Any audiophile worthy of the title knows this album, and the luckiest know it on vinyl. Released in 1993, originally on Morgan Creek Records, Breaking Silence is Janis Ian's most important album. Ian was already famous for her 1975 mega hit At Seventeen. Ian toured through much of her late teens and had some success. At Seventeen opened a lot of doors. New York's Village Voice 'outed' Ian as a lesbian in 1976 and the lyrics on Breaking Silence speak to her feelings about that difficult time as well as challenging subjects such as incest and the Holocaust.
The songs are beautifully crafted and all feature lovely melodies, interesting harmonies and complex rhythms. Thankfully, not Top Ten, but classic and class all the same. Listening to the album for over 20 years has not dulled its musical and spiritual effect.
Like all smart performers, Ian surrounds herself with excellence. The musicians on the LP sound like the best Steely Dan-like studio players with their tightness and ingenuity (the genre's highest compliment), but with a folk/rock inspiration. Difficult to describe, but once heard, never forgotten.
The recording, which to my ears is unique, especially in the idiom, was produced, engineered and mixed by Jeff Balding, the legendary, eight-time Grammy-nominated producer, mixer, and tracking engineer. Janis Ian also has a producer credit. There's a plethora of assisting engineers credited, too. Whoever came up with the sound construct and philosophy, bravo!
- Janis Ian — Writer, Guitars, Piano
- Jim Brock — Drums, Percussion
- Jim Hoke — Harmonica
- Chad Watson — Bass
- Dann Huff — Guitar
As you can see, a small but feisty band, with emphasis on Ian's splendid voice and an ultra talented rhythm section. Not forgetting the small but significant solo instrument contributions.
If you have the recording on a beaten up cassette, you will still hear the musicianship and feel the soul hugging inspiritus. Ian's voice comes straight from the heart and has none of the rock edge that she adopted in the early 80s. Breaking Silence encourages near field, late night listening. Ian's conversation with the listener is private—for your ears only.
That said, the LP version has been used as a large-scale show demo for as long as I can remember. Demonstrators would regale the punters with juicy jargon—the audiophile word flavour of the month (I think January 1993's word was 'colouration'!). No matter the verbiage, the glorious sound was there for all to hear.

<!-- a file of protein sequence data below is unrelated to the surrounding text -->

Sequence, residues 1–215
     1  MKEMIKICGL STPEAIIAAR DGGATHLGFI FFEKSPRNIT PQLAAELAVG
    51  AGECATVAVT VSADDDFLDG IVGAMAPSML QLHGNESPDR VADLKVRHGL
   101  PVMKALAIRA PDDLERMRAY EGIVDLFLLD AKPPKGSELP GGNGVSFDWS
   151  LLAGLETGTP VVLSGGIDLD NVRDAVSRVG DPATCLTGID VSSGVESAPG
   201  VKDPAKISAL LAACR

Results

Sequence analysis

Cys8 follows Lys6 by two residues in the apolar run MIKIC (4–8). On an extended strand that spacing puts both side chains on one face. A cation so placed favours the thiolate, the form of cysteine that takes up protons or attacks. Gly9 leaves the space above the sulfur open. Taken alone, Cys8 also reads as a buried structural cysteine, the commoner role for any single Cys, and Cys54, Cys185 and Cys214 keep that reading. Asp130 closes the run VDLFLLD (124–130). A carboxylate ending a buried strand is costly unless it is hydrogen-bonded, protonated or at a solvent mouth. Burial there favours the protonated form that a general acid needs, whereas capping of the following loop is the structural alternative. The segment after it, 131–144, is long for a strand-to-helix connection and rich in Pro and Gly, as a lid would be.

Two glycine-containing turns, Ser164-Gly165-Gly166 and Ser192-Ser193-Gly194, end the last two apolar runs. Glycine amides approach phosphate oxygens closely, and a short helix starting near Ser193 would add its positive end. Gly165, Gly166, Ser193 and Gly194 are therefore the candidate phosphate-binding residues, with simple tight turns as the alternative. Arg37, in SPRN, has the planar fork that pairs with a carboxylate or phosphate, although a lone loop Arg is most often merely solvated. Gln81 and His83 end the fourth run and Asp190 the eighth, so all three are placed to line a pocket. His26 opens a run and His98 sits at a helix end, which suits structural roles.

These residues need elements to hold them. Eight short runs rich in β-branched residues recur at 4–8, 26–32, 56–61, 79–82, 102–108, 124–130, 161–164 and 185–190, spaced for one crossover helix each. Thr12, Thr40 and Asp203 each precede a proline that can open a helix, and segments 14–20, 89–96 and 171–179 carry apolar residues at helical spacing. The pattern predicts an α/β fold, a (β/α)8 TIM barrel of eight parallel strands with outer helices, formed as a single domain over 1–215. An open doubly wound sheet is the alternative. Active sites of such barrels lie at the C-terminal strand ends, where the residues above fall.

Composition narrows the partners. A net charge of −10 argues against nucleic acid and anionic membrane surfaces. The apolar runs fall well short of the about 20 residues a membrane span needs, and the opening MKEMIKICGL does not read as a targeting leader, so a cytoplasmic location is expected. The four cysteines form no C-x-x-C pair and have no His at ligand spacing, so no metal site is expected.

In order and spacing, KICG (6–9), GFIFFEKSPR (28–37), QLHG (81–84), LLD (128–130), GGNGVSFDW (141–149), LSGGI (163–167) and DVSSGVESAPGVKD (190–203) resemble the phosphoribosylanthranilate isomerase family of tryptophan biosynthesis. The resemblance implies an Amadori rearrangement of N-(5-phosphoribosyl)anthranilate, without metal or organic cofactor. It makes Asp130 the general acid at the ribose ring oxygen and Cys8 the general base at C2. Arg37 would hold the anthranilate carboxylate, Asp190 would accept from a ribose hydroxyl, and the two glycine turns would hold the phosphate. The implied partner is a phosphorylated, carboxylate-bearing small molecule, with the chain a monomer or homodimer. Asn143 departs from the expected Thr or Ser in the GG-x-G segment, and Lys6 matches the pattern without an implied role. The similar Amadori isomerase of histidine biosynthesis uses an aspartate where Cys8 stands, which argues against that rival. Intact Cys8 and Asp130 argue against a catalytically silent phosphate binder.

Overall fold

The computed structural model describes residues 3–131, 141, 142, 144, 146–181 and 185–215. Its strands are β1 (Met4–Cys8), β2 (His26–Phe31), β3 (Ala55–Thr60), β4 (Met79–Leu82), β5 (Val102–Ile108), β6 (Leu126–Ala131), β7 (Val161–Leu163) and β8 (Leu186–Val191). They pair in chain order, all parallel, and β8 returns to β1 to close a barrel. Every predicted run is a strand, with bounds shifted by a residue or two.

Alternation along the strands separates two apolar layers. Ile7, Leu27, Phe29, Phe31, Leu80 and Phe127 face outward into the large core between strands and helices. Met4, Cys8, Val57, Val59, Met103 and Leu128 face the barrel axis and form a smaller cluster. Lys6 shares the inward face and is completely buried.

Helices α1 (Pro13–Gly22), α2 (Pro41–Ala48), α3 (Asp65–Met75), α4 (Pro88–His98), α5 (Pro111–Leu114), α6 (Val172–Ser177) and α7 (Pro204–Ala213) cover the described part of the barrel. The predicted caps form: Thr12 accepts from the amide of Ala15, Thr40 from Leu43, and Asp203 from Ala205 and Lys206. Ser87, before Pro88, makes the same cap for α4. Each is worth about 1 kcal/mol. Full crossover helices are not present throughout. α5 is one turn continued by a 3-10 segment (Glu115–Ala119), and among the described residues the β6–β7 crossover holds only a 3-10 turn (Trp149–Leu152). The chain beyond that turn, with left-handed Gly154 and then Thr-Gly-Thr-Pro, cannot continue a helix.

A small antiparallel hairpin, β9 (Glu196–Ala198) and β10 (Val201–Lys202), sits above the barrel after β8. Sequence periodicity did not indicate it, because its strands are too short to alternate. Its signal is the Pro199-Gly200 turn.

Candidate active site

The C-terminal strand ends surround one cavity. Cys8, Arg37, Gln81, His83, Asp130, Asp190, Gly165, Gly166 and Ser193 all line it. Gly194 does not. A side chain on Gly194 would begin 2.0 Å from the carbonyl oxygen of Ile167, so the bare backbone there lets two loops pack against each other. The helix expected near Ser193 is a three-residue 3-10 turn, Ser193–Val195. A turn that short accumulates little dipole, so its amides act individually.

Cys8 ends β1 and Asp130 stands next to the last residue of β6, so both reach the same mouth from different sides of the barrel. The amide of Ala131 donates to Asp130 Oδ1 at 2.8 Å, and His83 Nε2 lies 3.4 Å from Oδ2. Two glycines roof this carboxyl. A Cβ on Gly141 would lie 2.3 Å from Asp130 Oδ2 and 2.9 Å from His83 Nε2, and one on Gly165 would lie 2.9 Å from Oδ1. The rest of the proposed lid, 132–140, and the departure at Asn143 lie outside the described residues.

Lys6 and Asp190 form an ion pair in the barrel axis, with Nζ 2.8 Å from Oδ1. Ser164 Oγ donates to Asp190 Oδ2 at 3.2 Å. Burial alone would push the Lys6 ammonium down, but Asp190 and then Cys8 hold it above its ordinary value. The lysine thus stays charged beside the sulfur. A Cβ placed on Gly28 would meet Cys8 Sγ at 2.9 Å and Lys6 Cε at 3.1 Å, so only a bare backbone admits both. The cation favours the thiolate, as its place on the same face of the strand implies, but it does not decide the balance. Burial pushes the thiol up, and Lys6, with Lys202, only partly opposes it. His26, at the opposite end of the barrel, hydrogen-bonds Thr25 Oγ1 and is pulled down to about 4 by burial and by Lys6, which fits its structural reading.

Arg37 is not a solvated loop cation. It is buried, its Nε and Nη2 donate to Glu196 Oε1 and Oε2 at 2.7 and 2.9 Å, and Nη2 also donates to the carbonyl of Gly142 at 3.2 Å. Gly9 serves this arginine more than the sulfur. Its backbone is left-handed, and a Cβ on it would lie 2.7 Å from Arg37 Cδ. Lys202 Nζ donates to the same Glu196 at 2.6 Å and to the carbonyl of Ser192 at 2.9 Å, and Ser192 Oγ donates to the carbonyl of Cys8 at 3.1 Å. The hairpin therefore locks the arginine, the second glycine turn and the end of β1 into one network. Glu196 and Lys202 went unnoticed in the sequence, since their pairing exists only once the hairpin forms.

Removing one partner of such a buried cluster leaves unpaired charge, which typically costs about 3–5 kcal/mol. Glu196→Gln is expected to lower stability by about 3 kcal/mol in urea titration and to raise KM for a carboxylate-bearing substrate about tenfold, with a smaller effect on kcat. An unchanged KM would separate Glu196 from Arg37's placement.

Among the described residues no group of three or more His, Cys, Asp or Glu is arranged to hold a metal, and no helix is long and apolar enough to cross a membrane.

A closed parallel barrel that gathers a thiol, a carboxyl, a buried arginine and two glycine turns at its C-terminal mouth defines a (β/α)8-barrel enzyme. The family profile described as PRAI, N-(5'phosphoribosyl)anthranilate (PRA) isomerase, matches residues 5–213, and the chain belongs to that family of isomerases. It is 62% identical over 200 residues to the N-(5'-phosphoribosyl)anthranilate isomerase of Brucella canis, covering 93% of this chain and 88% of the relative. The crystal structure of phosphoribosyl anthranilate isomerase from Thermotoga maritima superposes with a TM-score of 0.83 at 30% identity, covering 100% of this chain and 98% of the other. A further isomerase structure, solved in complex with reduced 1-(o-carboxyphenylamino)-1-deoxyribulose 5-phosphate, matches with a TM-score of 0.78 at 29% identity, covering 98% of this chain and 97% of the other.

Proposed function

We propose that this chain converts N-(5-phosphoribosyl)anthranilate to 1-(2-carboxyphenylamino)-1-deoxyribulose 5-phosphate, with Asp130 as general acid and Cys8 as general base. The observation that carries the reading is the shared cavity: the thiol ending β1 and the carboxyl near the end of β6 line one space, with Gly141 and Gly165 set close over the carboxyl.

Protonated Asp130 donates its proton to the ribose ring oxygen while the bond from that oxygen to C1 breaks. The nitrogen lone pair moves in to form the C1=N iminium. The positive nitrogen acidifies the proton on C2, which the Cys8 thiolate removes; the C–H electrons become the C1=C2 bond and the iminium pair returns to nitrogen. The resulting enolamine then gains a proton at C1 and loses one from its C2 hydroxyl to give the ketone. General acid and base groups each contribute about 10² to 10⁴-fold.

Instrumental sounds have great immediacy. Listen to the opening of Guess You Had To Be There for the shockingly real timbres. Ensemble is as good as the sounds. This is a tight, tight band.
Interspersed through the complex, powerful rhythms are little flashes of keyboard and guitars (electric and acoustic) that give the most tactile and delicate effects. Ian’s voice is centred in the mix and is as heartbreaking as the lyrics demand.
This famous Analogue Productions reissue is the Limited Edition 45 RPM version.
I was recently in NYC for an audio event and managed a listening session at Audiophilia colleague Karl Sigman’s beautiful apartment close to Columbia University on Riverside Drive. Lately, this digifile has been ‘coming around’. His vinyl setup is now pretty spectacular (VPI Prime, Grado Statement V2 moving iron cart, Pass Labs XP-17 Phono Stage, PS Audio BHK Pre and Alta Audio FRM-2 Celeste Loudspeakers). He threw on a 33 rpm version of the Analogue Productions. I was mesmerized. Not just with the incredible sound, but with the musicality of the LP. Damnit! I lost my copy in a move several years ago.
As soon as I got home, I ordered it. Quickest to the house? Amazon. And they only had the 45 RPM. No problem.
A few days later, I took delivery of the same speakers as Karl (oh joy, oh bliss—and a huge shoutout to one of our sponsors, Alta Audio), then the LP arrived. It knocked my socks off and is well worth the extra outlay. Yes, it's better than the vaunted 33 RPM. Mainly in the effortless dynamics and bass department. Why is 45 better than 33? Here's a quickie from the web:
'Since 45s travel faster than 33s, more waveform definition can be squeezed into the format, which takes up more room. More bumps and grooves created in pressing a 45 means better audio quality.'
Sigman will be visiting the island soon. He better be prepared for a few musical and aural surprises.
- All Roads To The River—3:05
- Ride Me Like A Wave—3:40
- Guess You Had To Be There—4:07
- What About The Love—4:58
- His Hands—5:17
- Walking On Sacred Ground—3:26
- This Train Still Runs—4:03
- Through The Years—3:40
- This House—5:05
- Some People's Lives—3:52
- Breaking Silence—3:09
The two 180g LPs are housed in a gorgeous gatefold cover with all lyrics and very detailed recording details. Very highly recommended.